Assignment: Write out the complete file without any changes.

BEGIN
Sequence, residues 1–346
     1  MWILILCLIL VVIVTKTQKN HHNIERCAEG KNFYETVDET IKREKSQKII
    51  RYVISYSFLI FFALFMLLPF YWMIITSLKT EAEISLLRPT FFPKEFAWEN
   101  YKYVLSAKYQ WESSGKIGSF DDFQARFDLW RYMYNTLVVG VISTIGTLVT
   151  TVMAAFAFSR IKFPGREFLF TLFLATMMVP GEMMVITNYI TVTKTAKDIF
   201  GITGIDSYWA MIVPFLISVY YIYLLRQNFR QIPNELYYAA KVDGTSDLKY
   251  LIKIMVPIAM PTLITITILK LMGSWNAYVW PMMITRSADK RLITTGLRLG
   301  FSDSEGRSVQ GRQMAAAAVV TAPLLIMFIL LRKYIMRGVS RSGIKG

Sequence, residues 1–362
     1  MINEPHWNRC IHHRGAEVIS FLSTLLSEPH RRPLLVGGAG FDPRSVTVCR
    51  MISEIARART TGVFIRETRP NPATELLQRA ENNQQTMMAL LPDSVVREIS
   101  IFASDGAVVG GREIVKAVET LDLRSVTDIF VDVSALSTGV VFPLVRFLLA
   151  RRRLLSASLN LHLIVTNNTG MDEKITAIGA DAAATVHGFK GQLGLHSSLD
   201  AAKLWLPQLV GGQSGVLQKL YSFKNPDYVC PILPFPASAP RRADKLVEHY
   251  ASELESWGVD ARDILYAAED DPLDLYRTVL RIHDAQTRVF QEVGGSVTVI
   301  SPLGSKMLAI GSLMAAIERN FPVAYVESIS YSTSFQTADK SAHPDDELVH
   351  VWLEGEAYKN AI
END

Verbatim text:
Sequence, residues 1–346
     1  MWILILCLIL VVIVTKTQKN HHNIERCAEG KNFYETVDET IKREKSQKII
    51  RYVISYSFLI FFALFMLLPF YWMIITSLKT EAEISLLRPT FFPKEFAWEN
   101  YKYVLSAKYQ WESSGKIGSF DDFQARFDLW RYMYNTLVVG VISTIGTLVT
   151  TVMAAFAFSR IKFPGREFLF TLFLATMMVP GEMMVITNYI TVTKTAKDIF
   201  GITGIDSYWA MIVPFLISVY YIYLLRQNFR QIPNELYYAA KVDGTSDLKY
   251  LIKIMVPIAM PTLITITILK LMGSWNAYVW PMMITRSADK RLITTGLRLG
   301  FSDSEGRSVQ GRQMAAAAVV TAPLLIMFIL LRKYIMRGVS RSGIKG

Sequence, residues 1–362
     1  MINEPHWNRC IHHRGAEVIS FLSTLLSEPH RRPLLVGGAG FDPRSVTVCR
    51  MISEIARART TGVFIRETRP NPATELLQRA ENNQQTMMAL LPDSVVREIS
   101  IFASDGAVVG GREIVKAVET LDLRSVTDIF VDVSALSTGV VFPLVRFLLA
   151  RRRLLSASLN LHLIVTNNTG MDEKITAIGA DAAATVHGFK GQLGLHSSLD
   201  AAKLWLPQLV GGQSGVLQKL YSFKNPDYVC PILPFPASAP RRADKLVEHY
   251  ASELESWGVD ARDILYAAED DPLDLYRTVL RIHDAQTRVF QEVGGSVTVI
   301  SPLGSKMLAI GSLMAAIERN FPVAYVESIS YSTSFQTADK SAHPDDELVH
   351  VWLEGEAYKN AI